A dazzling Mark Rylance conducts a succinct camera piece flavored with Hitchcock and 1940s film noir

A dazzling Mark Rylance conducts a succinct camera piece flavored with Hitchcock and 1940s film noir

‘The tailor of the mafia’ to be released on May 20, is the director’s first film Graham Moorebest known for winning an Oscar for writing ‘The Imitation Game’ (2014), here also writing alongside co-writer Johnathan McClainwho also acts as executive producer, a very classic and unusual text ideal for the cast of British superstars Mark Rylance and Simon Russell Beale display a talent that is sometimes lacking in much bigger movies.

Less self-important than Moore’s prestige project, this film is much more stimulating and contained, recalling the great classics of criminal cinema of the 30s and 40spieces that weave stories in medias res, using an exemplary narrative economy to remind us that a good story does not need great exteriors or spectacle, but trust in the viewer and well-written and interpreted texts.

In ‘The Mafia Tailor’ we meet Leonard (Mark Rylance), a tailor (cutter, according to him) from Savile Row who has moved to Chicago, an educated and calm-spoken man from the UK. Who must deal with a group of rough-hewn mid-1950s American thugs. His shop caters to the underworld, offering careful tailoring of suits to the public, but also hosting gangsters coming and going on a daily basis.

Retro classicism without effects

Leonard allows customers to also use the store as a mailbox, sending and receiving messages from The Outfit, a crime syndicate that has taken an interest in the local Chicago gang. The leader of the family, Roy (Simon Russell Beale) doesn’t bother Leonard and Leonard looks away from any tips he can hear in the store. The assistant of him Mable of him (zoey deutch), has some contacts with Roy’s son, Richie (Dylan O’Brien), who do not like the owner of the store, who has reached a fatherly relationship with his assistant.

One night Richie shows up at the store after hours helped by Francis (johnny flynn), after a skirmish with a rival gang begins a plot that compromises the owner, who must manage to prevent underworld affairs from compromising him in an endless night. A simple, very effective premise, reminiscent of classic crime films like ‘Cayo Largo’ (Key Largo, 1948) or Hitchcock thrillers like ‘La Soga’ (Rope, 1948).


Rylance is the big attraction in ‘The Mob Tailor’, creating an unexpectedly layered character with a soft voice and good-natured calmbut that when, suddenly, he laughs, it is absolutely disconcerting. In one of the best lines in the film, she mentions one of the mobsters who was “in the war.” “At your age?” she answers her, while Leonard concentrates a lot of life and secrets in his terse answer: “The other war”, which is delivered in the way that only great actors can, conveying as much sadness as wisdom and respect.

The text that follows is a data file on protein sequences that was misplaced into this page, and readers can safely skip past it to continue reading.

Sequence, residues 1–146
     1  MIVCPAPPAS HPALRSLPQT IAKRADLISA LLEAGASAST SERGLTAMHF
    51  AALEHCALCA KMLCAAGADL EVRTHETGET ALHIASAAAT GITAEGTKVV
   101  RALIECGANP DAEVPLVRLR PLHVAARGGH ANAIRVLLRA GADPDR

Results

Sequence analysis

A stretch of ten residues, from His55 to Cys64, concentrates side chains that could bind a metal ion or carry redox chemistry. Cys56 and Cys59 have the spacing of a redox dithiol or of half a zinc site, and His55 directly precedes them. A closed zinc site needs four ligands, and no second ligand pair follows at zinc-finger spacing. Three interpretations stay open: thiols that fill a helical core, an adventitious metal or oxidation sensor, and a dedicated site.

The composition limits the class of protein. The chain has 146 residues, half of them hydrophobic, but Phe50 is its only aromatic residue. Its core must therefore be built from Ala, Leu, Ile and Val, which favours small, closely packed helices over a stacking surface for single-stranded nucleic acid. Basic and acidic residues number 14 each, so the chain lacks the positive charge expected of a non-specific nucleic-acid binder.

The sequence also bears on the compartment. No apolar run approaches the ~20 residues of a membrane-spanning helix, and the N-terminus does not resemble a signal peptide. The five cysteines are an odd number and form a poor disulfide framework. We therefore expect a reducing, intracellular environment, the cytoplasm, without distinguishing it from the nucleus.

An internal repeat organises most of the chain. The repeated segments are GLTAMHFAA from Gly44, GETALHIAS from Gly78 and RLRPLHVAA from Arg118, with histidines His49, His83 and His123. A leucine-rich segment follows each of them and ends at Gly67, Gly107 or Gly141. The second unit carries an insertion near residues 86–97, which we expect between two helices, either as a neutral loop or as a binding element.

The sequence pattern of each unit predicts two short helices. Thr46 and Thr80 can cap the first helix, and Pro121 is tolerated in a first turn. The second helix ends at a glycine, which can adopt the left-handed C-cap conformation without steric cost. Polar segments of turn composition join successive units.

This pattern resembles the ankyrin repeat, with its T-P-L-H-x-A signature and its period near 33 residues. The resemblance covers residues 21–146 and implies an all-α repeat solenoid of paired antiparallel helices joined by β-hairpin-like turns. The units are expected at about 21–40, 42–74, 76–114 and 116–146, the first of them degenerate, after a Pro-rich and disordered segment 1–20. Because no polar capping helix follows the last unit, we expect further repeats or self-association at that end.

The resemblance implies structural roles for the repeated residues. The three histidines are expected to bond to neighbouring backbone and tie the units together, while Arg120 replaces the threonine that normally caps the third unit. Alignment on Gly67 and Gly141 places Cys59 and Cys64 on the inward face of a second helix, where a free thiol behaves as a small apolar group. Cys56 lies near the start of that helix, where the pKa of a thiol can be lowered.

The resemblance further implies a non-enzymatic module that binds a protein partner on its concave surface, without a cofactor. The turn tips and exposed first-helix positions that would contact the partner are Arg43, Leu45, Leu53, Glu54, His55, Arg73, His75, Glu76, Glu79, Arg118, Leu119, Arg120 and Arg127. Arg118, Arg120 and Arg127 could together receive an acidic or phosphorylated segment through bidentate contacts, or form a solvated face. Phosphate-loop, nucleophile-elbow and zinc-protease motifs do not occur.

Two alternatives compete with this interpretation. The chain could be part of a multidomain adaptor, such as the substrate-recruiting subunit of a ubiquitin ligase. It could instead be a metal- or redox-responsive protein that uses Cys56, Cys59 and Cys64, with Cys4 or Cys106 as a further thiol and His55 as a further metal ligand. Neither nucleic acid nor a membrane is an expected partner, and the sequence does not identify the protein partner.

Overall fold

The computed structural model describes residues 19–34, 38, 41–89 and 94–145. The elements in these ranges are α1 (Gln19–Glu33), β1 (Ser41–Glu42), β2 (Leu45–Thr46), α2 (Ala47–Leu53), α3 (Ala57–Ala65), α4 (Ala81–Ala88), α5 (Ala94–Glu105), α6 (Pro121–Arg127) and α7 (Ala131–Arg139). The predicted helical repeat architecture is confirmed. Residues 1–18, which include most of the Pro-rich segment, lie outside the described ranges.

The art of cinema in a single space

Set on a single wintry night in Chicago, the entire film takes place in Leonard’s tailor shop, a small but elegant place even with its dimly lit brown walls. All the difficulties and reservations that a story limited to a single setting can offer, vanish into a compelling story and tense in which what happens on the other side of the door plays in favor of claustrophobia and the situation to the limit increasingly dangerous for the protagonist.

The 21 best film noir movies of all time

Dick Pope’s photography squeezes the possibilities of space, with a heavy light where a particularly garish costume hardly stands out and plays in favor of the narrative elegance of a story full of intelligent and vibrant twists that are colored with an interesting parallel between Leonard’s plan and his mastery of pattern making and cutting suitselevating the craftsmanship of the trade to a terrain that only great characters are capable of entering.


The script for ‘The Mob Tailor’ could make for a pretty good play for future timeless performances, but it would be difficult for any actor to follow in Rylance’s footsteps, what he does make clear is that cinema made in the pandemic needed fewer horror movies made in zoomquarantine diaries or video clips with two characters looking out the window and more works capable of creating cinema with limitations, in the style of the B noir series and suspense without the need for tracking shots of the most classic and austere cinema.


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